The Great American Indoors
Air conditioning is more American than apple pie
Despite America's near-universal appreciation for the outdoors, we actually spend over 90% of our time indoors. We are essentially "an indoor species," using technologies like air conditioning to keep us comfortable. 
It's been like this for decades.
In the 1920s, one of the first mainstream applications of air conditioning was cooling movie theaters to draw in crowds in the summer. 
100 years later, staring at a screen in an environmentally-controlled room has become the true American pastime.
Air conditioning has given us summer blockbuster movies, the Florida retirement community, and the towering glass skyscraper. And air conditioning in homes is "now more common than dishwashers, garages, or dining rooms." 
The indoor lifestyle doesn't come cheap.
We use more energy in our buildings than anywhere else. 40% of the energy used in the United States is for buildings, whereas 29% of energy is used for transportation (e.g. for moving people and goods from one building to another). 
The average household spends at least $2,000 a year on energy bills — over half of which goes to heating and cooling. 
The unfortunate reality is that it would take five earths for everyone on the planet to live like an American. 
Who doesn't like to Netflix and Chill?
Despite concerns that this might raise, the fact remains: For an individual person, air conditioning is undeniably awesome. We love it. You probably do too.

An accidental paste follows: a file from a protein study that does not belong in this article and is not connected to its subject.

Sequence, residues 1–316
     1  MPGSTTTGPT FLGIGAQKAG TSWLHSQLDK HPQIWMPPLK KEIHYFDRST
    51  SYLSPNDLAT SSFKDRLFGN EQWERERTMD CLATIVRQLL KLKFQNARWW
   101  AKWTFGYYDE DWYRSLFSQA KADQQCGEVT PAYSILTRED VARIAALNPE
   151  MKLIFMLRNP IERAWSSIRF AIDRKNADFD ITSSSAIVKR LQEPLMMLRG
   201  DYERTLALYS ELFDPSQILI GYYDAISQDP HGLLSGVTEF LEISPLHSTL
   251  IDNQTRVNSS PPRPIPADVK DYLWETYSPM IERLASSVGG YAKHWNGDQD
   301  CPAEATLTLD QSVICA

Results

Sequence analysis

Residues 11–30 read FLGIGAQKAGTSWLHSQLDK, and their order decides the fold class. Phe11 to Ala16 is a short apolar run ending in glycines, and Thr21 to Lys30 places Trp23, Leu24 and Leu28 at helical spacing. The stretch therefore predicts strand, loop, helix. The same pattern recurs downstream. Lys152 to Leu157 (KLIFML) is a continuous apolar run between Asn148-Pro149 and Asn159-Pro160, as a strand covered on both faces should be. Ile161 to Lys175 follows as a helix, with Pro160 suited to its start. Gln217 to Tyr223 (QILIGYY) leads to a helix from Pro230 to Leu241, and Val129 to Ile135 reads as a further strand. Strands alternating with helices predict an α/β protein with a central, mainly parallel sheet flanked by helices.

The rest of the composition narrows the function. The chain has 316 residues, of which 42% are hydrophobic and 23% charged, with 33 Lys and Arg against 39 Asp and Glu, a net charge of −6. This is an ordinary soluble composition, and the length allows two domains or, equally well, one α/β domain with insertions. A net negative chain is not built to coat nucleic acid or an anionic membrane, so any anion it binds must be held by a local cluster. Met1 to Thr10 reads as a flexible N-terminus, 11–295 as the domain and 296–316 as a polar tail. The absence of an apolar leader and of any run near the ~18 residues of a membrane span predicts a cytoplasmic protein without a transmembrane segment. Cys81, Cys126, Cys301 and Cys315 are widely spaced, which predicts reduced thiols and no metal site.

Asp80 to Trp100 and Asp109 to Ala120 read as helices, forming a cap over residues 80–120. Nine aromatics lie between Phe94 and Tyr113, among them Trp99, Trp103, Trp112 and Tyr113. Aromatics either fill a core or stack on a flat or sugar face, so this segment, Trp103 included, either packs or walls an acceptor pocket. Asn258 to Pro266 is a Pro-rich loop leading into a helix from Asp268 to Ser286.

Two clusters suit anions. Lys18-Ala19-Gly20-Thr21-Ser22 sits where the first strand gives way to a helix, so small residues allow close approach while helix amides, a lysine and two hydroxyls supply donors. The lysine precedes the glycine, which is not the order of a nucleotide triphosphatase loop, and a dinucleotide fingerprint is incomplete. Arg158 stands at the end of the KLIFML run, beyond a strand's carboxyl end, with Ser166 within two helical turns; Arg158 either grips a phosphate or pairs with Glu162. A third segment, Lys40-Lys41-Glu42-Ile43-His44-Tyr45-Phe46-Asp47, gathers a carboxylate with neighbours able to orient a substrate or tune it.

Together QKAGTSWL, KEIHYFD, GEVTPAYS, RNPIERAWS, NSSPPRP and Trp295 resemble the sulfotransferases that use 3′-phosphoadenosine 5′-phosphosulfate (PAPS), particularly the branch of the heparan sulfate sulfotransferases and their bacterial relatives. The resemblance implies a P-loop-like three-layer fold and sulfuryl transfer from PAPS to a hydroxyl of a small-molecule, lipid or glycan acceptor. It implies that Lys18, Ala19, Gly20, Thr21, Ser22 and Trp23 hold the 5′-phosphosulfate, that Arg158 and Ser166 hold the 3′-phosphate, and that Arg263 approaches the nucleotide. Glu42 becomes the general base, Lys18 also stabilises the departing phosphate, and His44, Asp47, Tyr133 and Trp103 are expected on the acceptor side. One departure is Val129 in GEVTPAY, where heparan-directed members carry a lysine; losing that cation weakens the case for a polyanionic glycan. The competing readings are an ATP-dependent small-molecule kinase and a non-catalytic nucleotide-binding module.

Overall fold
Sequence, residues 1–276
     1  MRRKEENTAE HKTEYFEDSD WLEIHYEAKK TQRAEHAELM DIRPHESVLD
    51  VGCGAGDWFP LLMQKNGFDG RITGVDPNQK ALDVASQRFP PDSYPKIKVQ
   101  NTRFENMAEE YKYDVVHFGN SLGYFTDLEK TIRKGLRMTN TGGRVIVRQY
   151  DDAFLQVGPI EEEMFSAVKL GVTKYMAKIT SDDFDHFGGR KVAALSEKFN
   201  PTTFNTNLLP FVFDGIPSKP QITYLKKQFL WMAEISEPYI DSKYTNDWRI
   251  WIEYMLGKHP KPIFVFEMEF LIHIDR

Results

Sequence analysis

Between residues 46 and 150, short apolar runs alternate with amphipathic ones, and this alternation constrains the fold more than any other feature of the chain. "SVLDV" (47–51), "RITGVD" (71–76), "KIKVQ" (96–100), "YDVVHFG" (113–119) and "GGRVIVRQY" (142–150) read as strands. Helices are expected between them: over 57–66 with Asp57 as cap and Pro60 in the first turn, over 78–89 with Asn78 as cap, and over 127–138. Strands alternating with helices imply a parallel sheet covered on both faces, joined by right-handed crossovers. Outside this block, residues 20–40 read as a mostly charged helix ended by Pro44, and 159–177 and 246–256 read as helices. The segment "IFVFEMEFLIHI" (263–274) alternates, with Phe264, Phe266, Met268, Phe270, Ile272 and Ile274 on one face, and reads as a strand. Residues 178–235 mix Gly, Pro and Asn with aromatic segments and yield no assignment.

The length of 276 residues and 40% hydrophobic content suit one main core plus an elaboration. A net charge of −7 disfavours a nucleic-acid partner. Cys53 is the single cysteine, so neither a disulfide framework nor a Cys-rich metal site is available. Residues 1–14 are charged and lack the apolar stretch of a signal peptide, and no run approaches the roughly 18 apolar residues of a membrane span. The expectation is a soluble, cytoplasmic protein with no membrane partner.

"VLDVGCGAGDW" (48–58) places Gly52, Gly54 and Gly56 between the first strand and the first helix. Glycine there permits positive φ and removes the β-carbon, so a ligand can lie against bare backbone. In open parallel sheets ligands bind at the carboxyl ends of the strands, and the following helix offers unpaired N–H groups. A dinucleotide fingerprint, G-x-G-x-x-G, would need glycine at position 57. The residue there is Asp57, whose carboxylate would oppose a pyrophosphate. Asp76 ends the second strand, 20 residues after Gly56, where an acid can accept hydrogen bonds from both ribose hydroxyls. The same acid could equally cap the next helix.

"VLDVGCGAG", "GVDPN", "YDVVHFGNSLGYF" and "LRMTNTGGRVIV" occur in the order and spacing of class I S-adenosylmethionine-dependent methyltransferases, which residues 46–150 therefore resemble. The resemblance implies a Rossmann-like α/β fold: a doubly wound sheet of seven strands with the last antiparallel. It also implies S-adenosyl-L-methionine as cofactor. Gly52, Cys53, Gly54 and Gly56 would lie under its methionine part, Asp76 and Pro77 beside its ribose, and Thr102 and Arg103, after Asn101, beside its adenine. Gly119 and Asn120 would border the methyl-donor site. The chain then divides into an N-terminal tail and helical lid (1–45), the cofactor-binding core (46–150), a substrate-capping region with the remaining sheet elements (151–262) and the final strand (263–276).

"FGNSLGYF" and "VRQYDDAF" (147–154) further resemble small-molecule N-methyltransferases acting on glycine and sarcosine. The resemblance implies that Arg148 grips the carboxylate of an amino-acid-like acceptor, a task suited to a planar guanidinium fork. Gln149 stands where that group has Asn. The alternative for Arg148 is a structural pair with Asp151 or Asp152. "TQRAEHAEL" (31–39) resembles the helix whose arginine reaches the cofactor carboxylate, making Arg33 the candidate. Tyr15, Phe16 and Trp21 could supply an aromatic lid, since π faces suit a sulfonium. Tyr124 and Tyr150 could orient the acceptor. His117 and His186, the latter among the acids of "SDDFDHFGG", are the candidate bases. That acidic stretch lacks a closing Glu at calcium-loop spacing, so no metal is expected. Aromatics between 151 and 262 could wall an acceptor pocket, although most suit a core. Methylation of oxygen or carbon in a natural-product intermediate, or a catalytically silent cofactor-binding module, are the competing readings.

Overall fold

That said, things aren't going well for the planet right now.
2017 was the hottest non-El Niño year on record,  and our use of air conditioning is part of the problem.
The U.S. withdrew from the Paris climate accord.
Major institutions are still trying to deny that climate change is a thing. Or they are choosing to stay quiet about the unsustainable rate at which we are consuming the earth's resources.
It's time to face the facts. We're consuming the Earth's resources at an unsustainable rate.
The adoption problem
In 1955, air conditioning was considered a luxury device. Only 2% of American residences had an AC. By the 1980s, air conditioners had become affordable enough that half of all residences had one.
Today, 60 years later, almost 90% of American residences have air conditioning.  Along the way, we’ve introduced affordable air conditioning to the rest of the world.
For example, in 2013 China’s AC sales were 8 times the total sold in the United States.  In only 15 years, urban China transitioned from “a few percentage points of air conditioning adoption" to more than 100%. This means that each household had more than one room air conditioner. 
When people can afford air conditioning, they buy it.
And who can blame them? An air-conditioned room feels amazing.
People in warm climates are getting wealthy enough to afford air conditioning.